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Discussion of McCain Funeral. Aired 12n-1p ET

Aired September 1, 2018 - 12:00   ET





SIDNEY MCCAIN, JOHN MCCAIN'S DAUGHTER: A reading from the Second Letter of St. Paul to the Corinthians.

So we are always confident even though we know that while we are at home in the body, we are away from the Lord for we walk by faith not by sight.

Yes, we do have confidence and we would rather be away from the body and at home with the Lord.

The word of the Lord.

(CONGREGATION): Thanks be to God.




SEN. LINDSEY GRAHAM (R), SOUTH CAROLINA: A reading from the Gospel according to St. John, Chapter 15, verses 12 through 13.

Jesus said this is My commandment that you love one another as I have loved you. No greater love than this to lay down one's life for one's friends.

The Word of the Lord.

(CONGREGATION): Thanks be to God.

REV. EDWARD REESE (Homily): Let us remember John McCain with the words of the Jesuit poet, Gerard Manley Hopkins.

"What I do is me. For that I came. But I say more, the just man, justices, keeps grace, that keeps all his goings graces; acts in God's eye what in God's eye he is, Christ. For Christ plays in 10,000 places, lovely in limbs, lovely in eyes, not his, to the father through the features of men's faces." Don't misunderstand me. I am not recommending John for sainthood. He was so very human and for that reason we can see God in his life.

He was the just man, justicing. For John McCain every human being deserved to be treated justly.

He saw God Our Father through the features of every person especially the poor and those persecuted by power and those in need.

John was a man who loved and he knew that love is seen in actions, in doing.

He was so often surrounded by the servicemen and women he had such a special affection for. We can hear him in Shakespeare's words, "But we, we shall be remembered. We, we few, we happy few, we band of brothers."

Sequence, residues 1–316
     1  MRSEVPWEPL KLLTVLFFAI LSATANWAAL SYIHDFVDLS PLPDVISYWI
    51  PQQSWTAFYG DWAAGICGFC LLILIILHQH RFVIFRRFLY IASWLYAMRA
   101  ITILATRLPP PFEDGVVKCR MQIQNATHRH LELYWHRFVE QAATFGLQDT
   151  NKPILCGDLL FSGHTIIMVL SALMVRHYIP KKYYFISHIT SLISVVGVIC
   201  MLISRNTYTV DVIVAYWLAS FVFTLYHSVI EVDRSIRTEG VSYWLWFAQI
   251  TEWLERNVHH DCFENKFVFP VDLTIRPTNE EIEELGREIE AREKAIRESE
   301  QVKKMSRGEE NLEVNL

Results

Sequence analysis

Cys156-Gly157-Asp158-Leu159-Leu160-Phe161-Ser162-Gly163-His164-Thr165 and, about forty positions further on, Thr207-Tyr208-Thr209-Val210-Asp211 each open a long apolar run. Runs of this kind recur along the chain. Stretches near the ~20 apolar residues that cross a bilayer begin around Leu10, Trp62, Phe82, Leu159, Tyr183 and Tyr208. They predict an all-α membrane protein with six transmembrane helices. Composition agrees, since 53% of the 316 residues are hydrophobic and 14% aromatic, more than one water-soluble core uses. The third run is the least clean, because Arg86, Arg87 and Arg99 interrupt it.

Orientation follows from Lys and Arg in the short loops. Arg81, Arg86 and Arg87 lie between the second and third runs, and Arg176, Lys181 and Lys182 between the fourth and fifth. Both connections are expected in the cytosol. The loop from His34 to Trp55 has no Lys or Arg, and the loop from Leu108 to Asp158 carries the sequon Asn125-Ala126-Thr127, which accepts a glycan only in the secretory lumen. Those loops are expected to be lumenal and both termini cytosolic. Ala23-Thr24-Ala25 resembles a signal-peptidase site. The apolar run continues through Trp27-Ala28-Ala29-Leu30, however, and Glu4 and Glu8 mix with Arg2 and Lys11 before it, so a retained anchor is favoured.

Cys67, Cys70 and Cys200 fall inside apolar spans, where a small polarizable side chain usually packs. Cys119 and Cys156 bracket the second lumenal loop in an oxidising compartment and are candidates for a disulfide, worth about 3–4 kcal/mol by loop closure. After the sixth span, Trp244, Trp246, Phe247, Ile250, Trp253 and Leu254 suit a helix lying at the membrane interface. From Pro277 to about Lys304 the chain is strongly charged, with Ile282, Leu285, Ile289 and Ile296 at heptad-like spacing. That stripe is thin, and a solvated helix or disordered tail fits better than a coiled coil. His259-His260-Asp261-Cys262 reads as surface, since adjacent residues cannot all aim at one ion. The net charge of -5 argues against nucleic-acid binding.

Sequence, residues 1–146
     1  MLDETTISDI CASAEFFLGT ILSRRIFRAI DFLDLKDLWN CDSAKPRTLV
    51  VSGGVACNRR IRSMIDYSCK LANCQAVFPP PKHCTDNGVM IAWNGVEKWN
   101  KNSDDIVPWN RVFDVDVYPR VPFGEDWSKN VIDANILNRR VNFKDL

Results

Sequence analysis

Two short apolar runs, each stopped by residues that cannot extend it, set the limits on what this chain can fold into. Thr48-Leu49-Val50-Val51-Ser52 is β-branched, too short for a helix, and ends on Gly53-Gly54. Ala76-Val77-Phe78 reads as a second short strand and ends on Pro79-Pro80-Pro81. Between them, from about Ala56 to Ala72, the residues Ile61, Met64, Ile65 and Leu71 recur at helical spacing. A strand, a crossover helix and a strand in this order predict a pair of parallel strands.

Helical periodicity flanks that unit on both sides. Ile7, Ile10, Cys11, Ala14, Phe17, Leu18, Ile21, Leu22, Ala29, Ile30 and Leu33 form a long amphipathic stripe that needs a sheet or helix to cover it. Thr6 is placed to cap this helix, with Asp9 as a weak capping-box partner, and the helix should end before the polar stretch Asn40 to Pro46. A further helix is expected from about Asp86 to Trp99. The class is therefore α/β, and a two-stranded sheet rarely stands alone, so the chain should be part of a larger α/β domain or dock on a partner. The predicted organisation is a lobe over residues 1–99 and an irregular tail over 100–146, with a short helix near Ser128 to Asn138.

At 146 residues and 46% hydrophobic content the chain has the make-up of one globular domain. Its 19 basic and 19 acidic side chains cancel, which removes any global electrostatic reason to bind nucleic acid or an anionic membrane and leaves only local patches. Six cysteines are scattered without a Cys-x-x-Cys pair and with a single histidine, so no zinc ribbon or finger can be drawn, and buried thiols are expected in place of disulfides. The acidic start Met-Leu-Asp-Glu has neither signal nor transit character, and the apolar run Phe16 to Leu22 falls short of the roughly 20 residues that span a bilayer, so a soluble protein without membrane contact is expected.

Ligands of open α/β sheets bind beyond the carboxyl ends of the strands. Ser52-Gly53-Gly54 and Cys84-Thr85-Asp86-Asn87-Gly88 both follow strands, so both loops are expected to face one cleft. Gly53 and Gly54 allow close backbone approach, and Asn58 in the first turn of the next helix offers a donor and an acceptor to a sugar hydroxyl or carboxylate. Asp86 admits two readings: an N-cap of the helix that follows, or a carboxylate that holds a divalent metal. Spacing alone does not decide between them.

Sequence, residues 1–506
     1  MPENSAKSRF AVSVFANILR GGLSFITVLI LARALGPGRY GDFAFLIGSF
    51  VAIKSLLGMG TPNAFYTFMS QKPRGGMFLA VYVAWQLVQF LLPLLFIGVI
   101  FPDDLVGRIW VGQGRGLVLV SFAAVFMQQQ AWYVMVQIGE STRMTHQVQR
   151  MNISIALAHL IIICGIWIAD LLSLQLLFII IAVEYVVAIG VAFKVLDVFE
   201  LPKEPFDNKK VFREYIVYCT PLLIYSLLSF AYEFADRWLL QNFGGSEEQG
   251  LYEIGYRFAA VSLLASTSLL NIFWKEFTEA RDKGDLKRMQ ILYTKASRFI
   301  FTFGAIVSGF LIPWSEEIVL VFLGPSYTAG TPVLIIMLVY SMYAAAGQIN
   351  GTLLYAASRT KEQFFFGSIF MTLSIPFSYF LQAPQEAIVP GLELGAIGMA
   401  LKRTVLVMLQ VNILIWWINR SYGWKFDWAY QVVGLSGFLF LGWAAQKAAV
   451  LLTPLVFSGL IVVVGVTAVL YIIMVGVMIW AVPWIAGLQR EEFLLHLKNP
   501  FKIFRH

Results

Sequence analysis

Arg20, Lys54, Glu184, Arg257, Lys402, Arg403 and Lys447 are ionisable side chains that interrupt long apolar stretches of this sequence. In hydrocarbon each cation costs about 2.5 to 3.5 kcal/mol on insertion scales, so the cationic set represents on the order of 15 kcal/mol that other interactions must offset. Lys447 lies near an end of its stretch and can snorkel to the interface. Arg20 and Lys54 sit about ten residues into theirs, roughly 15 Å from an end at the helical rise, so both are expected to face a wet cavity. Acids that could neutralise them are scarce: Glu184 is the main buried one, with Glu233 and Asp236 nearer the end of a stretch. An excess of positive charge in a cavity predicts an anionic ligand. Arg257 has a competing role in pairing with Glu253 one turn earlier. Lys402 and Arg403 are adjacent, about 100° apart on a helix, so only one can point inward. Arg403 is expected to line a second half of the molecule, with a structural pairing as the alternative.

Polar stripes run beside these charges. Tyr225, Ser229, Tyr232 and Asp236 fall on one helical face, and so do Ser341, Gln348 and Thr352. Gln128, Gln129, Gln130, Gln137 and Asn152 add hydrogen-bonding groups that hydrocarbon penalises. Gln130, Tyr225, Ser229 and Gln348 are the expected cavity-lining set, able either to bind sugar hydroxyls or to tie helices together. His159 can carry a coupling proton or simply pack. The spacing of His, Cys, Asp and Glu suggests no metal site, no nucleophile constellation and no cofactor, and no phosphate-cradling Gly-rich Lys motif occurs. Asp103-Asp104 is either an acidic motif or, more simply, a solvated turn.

Love is truly shown in action and God in His love has given us this warrior as a sign, who acted in God's eye what in God's eye he was.

Though we are sad we do celebrate the life of our friend, husband, father, senator, and warrior, by because he did keep grace, Christ- play in 10,000 places.

He gave us an example of how to live, how to be the just man. And with St. Paul, John can now say, "I have fought the good fight. I have finished the race. I have kept the faith."

Goodbye John McCain. j (MUSIC)


(UNIDENTIFIED MALE): As Jesus taught us, so we now pray.

Our Father Who art in Heaven, hallowed be Thy Name. Thy Kingdom come, Thy will be done on Earth as it is in Heaven. Give us this day our daily bread and forgive us our trespasses as we forgive those who trespass against us. And lead us not into temptation but deliver us from evil, for Thine is the Kingdom, and the power and the glory. Forever and ever.



Let us pray to Our Lord Jesus Christ Who said, I am resurrection and I am life.

Lord you consoled Martha and Mary in their distress. Draw near to us who mourn for John and dry the tears of those who weep.

(CONGREGATION): Hear us Lord.

COPE: You wept at the grave of Lazarus your friend. Comfort us in our sorrow.

(CONGREGATION): Hear us Lord.

COPE: You raised the dead to life. Give to our brother eternal life.

(CONGREGATION): Hear us Lord.

COPE: You promised paradise to the thief who repented. Bring our brother to the joys of Heaven.

(CONGREGATION): Hear us Lord.

COPE: Comfort us in our sorrows at the death of our brother. Let our faith be our consolation and eternal life our hope.

RT. REV. MARIANN EDGAR BUDDE, BISHOP OF WASHINGTON: Father of all we pray to you for John and for all those whom we love but see no longer.

Grant to them eternal rest. Let light perpetual shine upon them. May his soul and the souls of all the departed, through the mercy of God, rest in peace. Amen.



(UNIDENTIFIED MALE): Give rest oh Christ, to Your servant with your saints.

(CONGREGATION): Where sorrow and pain are no more. Not a sigh but light of bliss (ph).

(UNIDENTIFIED MALE): You Only are Immortal; The Creator and Maker of mankind and we are mortal formed of the earth and to earth shall we return.

For so did You ordain when You created me saying, you are dust and to dust you shall return.

All of us go down to the dust yet even at the grave we make our song, hallelujah, hallelujah, hallelujah.

(CONGREGATION): Give rest oh Christ, to Thy servants with Thy saints, where sorrow and pain are no more; neither signing but life everlasting.

BUDDE: Into your hands oh merciful Savior we commend Your servant John. Acknowledge, we humbly beseech You, a sheep of Your own flock, a lamb of Your own fold, a sinner of Your own redeeming, receive him into the arms of Your mercy and to the blessed rest of everlasting peace and into the glorious company of the saints in light.